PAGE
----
This course describes the conversion of ‘descriptive’ (what we see) data in test systems to ‘predictive’ scales that are system independent and can be used to predict therapeutic activity.
Because drugs interact with ongoing physiology in the body, activity can be difficult to predict in therapeutic situations from single estimates of activity in test systems. The main (50%) reason for new drug candidate failure is lack of efficacy. The premise of this course is that pharmacology can now be used to yield more detailed and accurate profiles of drug efficacy that can be used to link activity in the clinic and also provide a better roadmap for follow-up candidates should molecules fail in the clinic.
Medicinal and synthetic organic chemists, biologists involved in drug development, any scientist involved in process of drug discovery, production and approval.
Lecture 1: The four (4) critical parameters needed to describe all drug action: Affinity, efficacies, Allosteric vs Orthosteric interaction, kinetics target offset.
Lecture 2: Receptors: Cell response activation (agonists), concept of efficacy, predicting agonism in all tissues, biased signaling
Lecture 3: Receptors: Antagonists: measurement of equilibrium dissociation constants for antagonist-receptor interaction, inverse agonism
Lecture 4: Allosterism and alteration of large Protein-protein interactions: quantification of cooperativity for affinity (a effect) and efficacy (b effect)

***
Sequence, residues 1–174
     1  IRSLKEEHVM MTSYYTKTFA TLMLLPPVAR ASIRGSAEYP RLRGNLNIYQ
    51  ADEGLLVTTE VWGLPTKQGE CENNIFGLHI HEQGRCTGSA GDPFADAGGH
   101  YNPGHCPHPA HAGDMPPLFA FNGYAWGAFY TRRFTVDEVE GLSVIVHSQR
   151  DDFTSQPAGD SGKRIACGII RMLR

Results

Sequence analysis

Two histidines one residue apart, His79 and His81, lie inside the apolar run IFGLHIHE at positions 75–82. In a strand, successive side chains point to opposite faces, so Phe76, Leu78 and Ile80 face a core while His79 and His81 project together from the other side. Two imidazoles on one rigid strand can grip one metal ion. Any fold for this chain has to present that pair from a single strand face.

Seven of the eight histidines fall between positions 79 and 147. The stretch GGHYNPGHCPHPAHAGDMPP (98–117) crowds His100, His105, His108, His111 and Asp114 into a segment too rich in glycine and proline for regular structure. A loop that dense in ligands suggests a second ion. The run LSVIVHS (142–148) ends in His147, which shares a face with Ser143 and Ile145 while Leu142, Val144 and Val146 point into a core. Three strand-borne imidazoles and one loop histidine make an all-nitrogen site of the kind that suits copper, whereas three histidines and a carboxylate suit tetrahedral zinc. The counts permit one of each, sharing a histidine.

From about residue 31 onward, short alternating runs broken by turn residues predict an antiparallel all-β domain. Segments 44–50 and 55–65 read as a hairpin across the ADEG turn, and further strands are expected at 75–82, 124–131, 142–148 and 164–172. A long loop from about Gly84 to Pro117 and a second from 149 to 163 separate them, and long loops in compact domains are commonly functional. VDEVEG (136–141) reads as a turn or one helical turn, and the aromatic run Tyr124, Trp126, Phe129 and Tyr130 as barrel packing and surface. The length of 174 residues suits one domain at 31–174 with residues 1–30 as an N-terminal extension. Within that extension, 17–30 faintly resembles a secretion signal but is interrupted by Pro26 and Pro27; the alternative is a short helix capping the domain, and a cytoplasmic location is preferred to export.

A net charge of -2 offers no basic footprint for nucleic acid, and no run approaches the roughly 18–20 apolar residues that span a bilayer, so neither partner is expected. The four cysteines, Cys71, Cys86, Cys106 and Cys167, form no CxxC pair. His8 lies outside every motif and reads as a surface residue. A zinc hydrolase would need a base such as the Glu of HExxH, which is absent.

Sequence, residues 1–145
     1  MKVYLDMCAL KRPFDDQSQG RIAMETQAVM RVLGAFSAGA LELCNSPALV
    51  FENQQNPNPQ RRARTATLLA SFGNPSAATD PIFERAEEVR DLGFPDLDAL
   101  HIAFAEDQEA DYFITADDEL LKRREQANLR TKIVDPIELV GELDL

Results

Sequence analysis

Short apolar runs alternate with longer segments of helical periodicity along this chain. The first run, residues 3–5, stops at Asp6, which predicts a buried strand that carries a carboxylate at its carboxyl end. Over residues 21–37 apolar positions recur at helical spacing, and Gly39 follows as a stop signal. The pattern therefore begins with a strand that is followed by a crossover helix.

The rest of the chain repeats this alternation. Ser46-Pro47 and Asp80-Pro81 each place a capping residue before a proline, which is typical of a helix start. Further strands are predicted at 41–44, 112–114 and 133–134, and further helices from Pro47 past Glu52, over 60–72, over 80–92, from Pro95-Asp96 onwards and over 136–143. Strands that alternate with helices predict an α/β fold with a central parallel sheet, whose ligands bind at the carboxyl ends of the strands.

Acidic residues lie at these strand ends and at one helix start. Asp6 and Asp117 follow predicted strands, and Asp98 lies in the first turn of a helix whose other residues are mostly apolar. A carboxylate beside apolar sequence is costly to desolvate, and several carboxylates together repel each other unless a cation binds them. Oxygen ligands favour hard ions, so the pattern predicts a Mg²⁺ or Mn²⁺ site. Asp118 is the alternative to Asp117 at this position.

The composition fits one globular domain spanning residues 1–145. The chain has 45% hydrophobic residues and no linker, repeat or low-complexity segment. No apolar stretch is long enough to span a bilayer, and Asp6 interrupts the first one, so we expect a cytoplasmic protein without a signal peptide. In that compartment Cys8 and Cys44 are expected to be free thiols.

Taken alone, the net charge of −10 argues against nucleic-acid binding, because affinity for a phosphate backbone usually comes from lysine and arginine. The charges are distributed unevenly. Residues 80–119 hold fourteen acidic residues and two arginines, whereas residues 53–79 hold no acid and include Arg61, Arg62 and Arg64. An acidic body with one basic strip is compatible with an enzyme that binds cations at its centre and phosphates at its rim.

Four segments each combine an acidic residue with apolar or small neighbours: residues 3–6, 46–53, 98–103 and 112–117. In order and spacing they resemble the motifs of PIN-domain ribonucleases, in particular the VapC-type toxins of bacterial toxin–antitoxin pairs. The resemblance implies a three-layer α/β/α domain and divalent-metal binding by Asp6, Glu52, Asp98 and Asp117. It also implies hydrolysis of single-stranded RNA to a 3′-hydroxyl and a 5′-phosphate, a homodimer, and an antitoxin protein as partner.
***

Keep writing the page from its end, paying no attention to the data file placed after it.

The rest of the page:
Lecture 5: Kinetics: measurement of real time kinetics and prediction of target coverage in vivo
Lecture 6: Enzyme inhibition: Measurement of competitive, non-competitive, uncompetitive and mixed enzyme inhibition; differentiation of mechanism
Five for four! Register five people for one course, one person for five courses, or any combination in between and your fifth registration is free. The free registration will be the course of the lowest price. Please note: This discount cannot be combined with any other discount offered.
Each person attending must register individually for this course.
Course fee includes electronic access to the course materials and session recordings.
To complete your registration, you will be asked to log in using your ACS ID. If you are not already logged in, you may enter your credentials or create an ID from the next screen.
Dr. Terry Kenakin is Professor of Pharmacology at the University of North Carolina School of Medicine. He is the author of 11 books on Pharmacology.